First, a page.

A ground-breaking change happened in Singapore’s stock market earlier this January when bourse operator Singapore Exchange Limited (SGX: S68) officially decreased the trading board lot size from 1,000 units to 100. After the change happened, interest in some of the higher-priced stocks in Singapore started increasing amongst investors. This was made apparent when Singapore Exchange commented in its latest earnings release that trading activity amongst retail investors in the stocks that make up the Straits Times Index (SGX: ^STI) had increased since the reduction of the board lot size. (Stocks that are part of the index generally carry…
A ground-breaking change happened in Singapore’s stock market earlier this January when bourse operator Singapore Exchange Limited (SGX: S68) officially decreased the trading board lot size from 1,000 units to 100.
After the change happened, interest in some of the higher-priced stocks in Singapore started increasing amongst investors.
This was made apparent when Singapore Exchange commented in its latest earnings release that trading activity amongst retail investors in the stocks that make up the Straits Times Index (SGX: ^STI) had increased since the reduction of the board lot size. (Stocks that are part of the index generally carry higher share prices).
One of the Straits Times Index’s components that had been hard to reach for most retail investors previously would be the conglomerate, Jardine Matheson Holdings Limited (SGX: J36).
With its current share price of US$51.80, an investment into Jardine Matheson under the old lot size rules would have set an individual investor back by tens of thousands of dollars. With the new lot size however, a stake in the company can be bought for a minimum of a much smaller US$5,200.
But just because it’s easier to buy shares of Jardine Matheson now does not mean we should be buying. We first have to understand its business.
Given its conglomerate structure, there are many moving parts to the equation which may make the workings of the firm harder to grasp. To help with understanding the company, here are all of Jardine Matheson’s important parts:
- Jardine Strategic Holdings Limited (SGX: J37) – The largest investment that Jardine Matheson has is its 82% stake (all ownership-stakes data hereafter are as of 11 March 2015) in Jardine Strategic. Interestingly, the latter’s a conglomerate itself and owns controlling stakes in many other companies, some of which are also listed in Singapore’s stock market.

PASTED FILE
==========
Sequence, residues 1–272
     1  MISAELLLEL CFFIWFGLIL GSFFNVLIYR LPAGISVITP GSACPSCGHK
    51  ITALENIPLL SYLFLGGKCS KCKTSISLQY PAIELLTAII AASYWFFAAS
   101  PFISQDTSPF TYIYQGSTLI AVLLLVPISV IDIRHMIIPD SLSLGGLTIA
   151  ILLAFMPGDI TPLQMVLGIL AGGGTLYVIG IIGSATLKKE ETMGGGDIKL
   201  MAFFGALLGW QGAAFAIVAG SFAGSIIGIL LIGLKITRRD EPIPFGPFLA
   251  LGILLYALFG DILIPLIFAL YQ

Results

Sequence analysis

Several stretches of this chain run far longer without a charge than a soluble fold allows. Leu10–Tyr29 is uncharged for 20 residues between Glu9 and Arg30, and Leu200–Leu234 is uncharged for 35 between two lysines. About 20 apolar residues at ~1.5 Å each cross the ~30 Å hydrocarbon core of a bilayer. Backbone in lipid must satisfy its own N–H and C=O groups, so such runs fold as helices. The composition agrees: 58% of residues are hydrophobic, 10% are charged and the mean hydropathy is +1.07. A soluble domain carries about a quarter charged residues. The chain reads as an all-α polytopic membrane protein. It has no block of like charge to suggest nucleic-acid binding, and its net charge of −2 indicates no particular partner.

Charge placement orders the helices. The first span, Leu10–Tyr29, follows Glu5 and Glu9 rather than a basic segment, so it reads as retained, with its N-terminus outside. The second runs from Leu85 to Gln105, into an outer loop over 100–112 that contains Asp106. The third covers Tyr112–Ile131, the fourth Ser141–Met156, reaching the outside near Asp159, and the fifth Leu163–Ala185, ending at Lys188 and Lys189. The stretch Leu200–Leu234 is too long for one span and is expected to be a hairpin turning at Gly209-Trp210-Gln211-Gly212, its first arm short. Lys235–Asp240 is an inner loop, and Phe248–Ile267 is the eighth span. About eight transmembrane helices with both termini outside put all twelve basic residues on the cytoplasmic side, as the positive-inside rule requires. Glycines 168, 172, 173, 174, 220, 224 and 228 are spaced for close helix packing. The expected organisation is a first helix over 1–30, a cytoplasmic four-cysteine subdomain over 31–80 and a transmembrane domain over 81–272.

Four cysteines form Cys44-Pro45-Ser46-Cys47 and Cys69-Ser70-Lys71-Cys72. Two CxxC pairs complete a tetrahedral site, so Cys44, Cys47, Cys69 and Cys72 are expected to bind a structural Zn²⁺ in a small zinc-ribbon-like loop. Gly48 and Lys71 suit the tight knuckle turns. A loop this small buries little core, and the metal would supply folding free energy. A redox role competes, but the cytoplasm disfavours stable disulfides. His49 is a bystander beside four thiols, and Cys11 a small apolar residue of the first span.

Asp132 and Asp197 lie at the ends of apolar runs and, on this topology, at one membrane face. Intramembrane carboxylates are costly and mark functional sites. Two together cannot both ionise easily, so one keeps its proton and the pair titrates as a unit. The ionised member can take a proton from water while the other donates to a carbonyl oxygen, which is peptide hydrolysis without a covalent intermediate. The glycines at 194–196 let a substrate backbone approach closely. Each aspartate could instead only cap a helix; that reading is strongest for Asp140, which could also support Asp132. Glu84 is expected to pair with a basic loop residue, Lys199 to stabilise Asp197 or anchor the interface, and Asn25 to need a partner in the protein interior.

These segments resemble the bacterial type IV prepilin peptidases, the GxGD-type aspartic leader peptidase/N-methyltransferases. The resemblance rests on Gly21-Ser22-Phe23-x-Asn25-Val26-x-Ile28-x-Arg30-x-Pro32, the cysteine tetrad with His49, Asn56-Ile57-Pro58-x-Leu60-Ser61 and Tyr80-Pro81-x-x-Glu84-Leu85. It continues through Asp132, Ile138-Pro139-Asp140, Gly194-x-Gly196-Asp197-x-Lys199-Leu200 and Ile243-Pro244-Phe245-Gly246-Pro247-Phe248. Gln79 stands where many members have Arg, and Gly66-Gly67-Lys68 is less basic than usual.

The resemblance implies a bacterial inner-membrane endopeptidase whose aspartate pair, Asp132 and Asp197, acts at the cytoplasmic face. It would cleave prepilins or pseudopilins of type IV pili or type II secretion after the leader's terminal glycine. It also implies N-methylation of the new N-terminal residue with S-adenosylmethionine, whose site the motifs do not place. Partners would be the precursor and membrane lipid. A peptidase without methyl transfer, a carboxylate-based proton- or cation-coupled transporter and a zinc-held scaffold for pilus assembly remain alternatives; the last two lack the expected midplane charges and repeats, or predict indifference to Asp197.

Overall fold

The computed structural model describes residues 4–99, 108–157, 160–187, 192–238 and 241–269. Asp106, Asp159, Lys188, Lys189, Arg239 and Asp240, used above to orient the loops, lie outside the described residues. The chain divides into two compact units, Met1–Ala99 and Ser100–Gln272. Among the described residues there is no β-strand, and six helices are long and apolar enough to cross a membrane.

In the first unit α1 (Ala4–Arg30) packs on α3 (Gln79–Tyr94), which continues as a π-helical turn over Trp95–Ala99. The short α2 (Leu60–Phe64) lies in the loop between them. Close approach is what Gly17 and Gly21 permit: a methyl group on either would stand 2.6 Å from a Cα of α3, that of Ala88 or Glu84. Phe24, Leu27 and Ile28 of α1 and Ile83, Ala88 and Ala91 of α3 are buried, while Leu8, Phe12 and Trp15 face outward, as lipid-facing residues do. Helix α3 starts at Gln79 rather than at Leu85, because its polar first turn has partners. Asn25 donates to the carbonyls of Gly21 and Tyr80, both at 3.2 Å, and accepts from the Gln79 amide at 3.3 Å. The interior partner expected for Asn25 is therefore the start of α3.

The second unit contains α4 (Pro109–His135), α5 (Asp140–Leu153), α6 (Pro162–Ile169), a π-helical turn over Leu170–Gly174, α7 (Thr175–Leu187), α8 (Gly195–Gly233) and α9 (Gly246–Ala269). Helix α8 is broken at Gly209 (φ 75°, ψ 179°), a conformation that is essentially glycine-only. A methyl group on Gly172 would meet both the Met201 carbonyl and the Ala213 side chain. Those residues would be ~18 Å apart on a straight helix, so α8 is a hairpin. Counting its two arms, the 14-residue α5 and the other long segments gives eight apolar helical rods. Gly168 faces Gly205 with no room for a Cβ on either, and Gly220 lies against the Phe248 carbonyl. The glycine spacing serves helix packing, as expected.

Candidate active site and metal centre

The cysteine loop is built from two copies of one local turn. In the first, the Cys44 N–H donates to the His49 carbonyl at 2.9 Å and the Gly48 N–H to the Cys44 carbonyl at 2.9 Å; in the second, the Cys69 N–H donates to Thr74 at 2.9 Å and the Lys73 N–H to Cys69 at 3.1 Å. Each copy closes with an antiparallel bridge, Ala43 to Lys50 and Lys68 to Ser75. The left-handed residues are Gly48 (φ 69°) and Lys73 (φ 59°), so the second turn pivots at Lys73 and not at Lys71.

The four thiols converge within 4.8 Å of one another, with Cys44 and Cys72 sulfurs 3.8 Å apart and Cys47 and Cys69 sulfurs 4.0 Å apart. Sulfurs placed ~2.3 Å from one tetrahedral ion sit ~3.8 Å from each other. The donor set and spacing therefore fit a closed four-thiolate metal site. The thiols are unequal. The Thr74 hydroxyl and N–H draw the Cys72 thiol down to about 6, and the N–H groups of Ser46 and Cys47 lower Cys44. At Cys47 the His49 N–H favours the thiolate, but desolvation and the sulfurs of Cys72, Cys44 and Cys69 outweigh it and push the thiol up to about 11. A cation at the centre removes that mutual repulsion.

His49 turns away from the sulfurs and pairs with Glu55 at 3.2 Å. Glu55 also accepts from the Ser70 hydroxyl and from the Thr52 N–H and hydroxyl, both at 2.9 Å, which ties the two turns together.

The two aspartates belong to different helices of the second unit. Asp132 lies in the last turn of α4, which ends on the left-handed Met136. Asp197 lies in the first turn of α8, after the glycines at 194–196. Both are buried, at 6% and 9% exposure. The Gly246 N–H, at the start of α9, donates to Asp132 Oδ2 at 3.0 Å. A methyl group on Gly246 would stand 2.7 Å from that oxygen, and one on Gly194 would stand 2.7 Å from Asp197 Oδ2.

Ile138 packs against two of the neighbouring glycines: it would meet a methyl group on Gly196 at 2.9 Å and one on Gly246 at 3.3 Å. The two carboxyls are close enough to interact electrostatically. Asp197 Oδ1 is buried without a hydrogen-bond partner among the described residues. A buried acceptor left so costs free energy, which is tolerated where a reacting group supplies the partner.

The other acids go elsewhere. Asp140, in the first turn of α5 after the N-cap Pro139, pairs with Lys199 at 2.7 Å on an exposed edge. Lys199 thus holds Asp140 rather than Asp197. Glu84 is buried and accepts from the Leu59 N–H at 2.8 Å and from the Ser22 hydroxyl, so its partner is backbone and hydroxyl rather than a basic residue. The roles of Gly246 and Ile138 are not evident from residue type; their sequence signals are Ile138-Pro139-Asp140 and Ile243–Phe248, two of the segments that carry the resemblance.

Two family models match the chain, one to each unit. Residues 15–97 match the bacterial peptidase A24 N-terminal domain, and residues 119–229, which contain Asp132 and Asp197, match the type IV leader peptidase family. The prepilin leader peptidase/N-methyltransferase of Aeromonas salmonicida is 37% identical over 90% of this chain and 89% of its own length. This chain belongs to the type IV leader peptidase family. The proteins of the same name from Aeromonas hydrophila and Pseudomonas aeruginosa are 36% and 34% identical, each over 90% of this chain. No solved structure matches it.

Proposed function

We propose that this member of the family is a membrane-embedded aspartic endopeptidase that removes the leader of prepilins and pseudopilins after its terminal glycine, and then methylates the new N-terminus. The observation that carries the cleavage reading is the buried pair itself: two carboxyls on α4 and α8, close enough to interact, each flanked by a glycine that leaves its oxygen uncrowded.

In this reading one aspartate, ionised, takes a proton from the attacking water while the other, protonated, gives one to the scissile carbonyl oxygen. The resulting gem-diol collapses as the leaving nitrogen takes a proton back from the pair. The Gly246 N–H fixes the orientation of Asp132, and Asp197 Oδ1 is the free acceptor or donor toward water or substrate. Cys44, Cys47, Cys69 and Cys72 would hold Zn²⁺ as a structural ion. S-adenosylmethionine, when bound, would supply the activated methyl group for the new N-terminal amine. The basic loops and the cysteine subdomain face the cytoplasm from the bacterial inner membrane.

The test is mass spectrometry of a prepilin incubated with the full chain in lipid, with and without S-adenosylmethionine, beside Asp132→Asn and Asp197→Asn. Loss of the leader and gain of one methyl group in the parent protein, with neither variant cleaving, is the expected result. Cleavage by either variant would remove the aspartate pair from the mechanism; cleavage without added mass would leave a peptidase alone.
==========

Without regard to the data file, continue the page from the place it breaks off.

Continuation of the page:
- Hongkong Land Holdings Limited (SGX: H78) is an owner (either full or partial) of prime commercial and retail properties in Hong Kong and Singapore. Some of the properties in Singapore that’s under its banner include One Raffles Quay and Marina Bay Financial Centre. In addition, Hongkong Land also engages in the development of high-end residential real estate in many parts of Asia. The company’s 50%-owned by Jardine Strategic.
- Dairy Farm International Holdings Ltd (SGX: D01), which is 78%-owned by Jardine Strategic, is a pan-Asian retailer with more than 6,400 outlets in the region. The company runs supermarkets, hypermarkets, convenience stores, health & beauty stores, restaurants and more. Some of the firm’s retail stores include Mannings, Giant, Cold Storage, and Guardian.
- With 73% of its shares owned by Jardine Strategic, Mandarin Oriental International Limited (SGX: M04) is a hospitality outfit with a portfolio of 44 hotels and resorts worldwide.
- Jardine Cycle & Carriage Ltd (SGX: C07), which is a conglomerate itself, has 74% of its shares sitting in Jardine Strategic’s vault. Jardine C&C derives its conglomerate status from its ownership stake of just over 50% in one of Indonesia’s largest companies, Astra. The firm counts itself as Indonesia’s largest automotive group and has business interests in oil palm, banking, mining, heavy equipment, and more.
- Other businesses – Jardine Matheson also owns 100% stakes in Jardine Pacific Limited and Jardine Motors Group. The former’s a collection of businesses in construction, transport services, restaurants, and IT services. Meanwhile, the latter’s in the business of motor vehicle sales in Hong Kong, Macau, the U.S., and Southern China. Finally, Jardine Matheson also holds a 42% share of Jardine Lloyd Thompson, a London-based insurance outifit.
Making sense of it all
With all that said, here’s something very important we should know. Earlier, I mentioned that Jardine Matheson holds an 82% stake in Jardine Strategic. But confusingly, Jardine Strategic also owns 56% of Jardine Matheson.
This complex cross-holding can prove to be a massive headache for anyone who’s trying to weave apart the intricacies. But what’s crucial here is that investors keep an eye on the deemed interests that Jardine Matheson has in all the companies mentioned above. Here’s the list of companies again, with Jardine Matheson’s deemed interest given in parentheses:
- Hongkong Land (41%)
- Dairy Farm (64%)
- Mandarin Oriental (61%)
- Jardine Cycle & Carriage (61%)
- Astra International (31%)
- Jardine Pacific (100%)
- Jardine Motors (100%)
- Jardine Lloyd Thompson (42%)
A focus on Jardine Matheson’s deemed interests might be a simpler way to understand the sprawling conglomerate. Jardine Matheson is currently valued at 12 times its trailing earnings and offers a dividend yield of 2.8% thanks to its annual dividend of US$1.45 per share in 2014.
Interested in talking more about the Hong Kong-based "hong"? If you do, you can come meet David Kuo and the rest of the Fool Singapore team on August 15!
The information provided is for general information purposes only and is not intended to be personalised investment or financial advice. Motley Fool Singapore writer Stanley Lim owns Dairy Farm International Ltd and Jardine Cycle & Carriage Ltd.